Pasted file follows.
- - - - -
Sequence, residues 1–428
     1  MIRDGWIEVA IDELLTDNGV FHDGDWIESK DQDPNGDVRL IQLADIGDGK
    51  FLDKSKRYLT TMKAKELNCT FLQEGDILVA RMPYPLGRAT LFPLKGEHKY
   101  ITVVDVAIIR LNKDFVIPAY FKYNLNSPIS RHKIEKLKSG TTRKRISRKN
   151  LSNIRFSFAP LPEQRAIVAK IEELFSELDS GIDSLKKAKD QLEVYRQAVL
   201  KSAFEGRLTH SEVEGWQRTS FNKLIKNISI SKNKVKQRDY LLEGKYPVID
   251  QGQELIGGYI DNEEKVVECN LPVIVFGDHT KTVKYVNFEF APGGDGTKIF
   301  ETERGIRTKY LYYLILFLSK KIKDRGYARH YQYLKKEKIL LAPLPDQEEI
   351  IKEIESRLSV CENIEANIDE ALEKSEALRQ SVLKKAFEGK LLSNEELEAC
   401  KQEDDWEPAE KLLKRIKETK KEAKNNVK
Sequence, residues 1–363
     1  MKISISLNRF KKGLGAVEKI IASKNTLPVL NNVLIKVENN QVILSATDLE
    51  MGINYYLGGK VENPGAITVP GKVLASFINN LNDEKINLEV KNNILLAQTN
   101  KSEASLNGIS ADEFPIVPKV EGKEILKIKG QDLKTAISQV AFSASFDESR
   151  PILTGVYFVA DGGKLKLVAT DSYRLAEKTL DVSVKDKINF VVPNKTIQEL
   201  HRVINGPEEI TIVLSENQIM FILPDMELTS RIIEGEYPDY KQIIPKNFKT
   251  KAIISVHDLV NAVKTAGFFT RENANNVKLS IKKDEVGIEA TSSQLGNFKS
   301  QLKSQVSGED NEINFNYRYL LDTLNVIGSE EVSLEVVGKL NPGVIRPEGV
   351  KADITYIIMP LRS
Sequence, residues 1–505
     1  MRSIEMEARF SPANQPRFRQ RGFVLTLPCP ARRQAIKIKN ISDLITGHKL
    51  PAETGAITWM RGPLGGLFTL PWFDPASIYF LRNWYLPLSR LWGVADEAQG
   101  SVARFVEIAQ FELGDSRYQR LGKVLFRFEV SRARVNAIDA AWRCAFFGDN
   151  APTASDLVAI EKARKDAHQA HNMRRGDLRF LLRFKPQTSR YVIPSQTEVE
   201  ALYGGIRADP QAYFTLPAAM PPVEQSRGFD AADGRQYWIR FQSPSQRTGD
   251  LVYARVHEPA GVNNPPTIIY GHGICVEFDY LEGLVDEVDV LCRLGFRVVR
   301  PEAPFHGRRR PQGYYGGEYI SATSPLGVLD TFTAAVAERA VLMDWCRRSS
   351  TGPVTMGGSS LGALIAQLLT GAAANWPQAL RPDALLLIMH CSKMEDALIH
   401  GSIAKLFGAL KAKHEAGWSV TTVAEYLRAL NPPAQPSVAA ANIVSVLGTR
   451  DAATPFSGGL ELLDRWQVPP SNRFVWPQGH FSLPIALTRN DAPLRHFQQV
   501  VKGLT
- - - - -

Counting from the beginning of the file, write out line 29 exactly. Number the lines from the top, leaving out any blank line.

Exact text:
   401  GSIAKLFGAL KAKHEAGWSV TTVAEYLRAL NPPAQPSVAA ANIVSVLGTR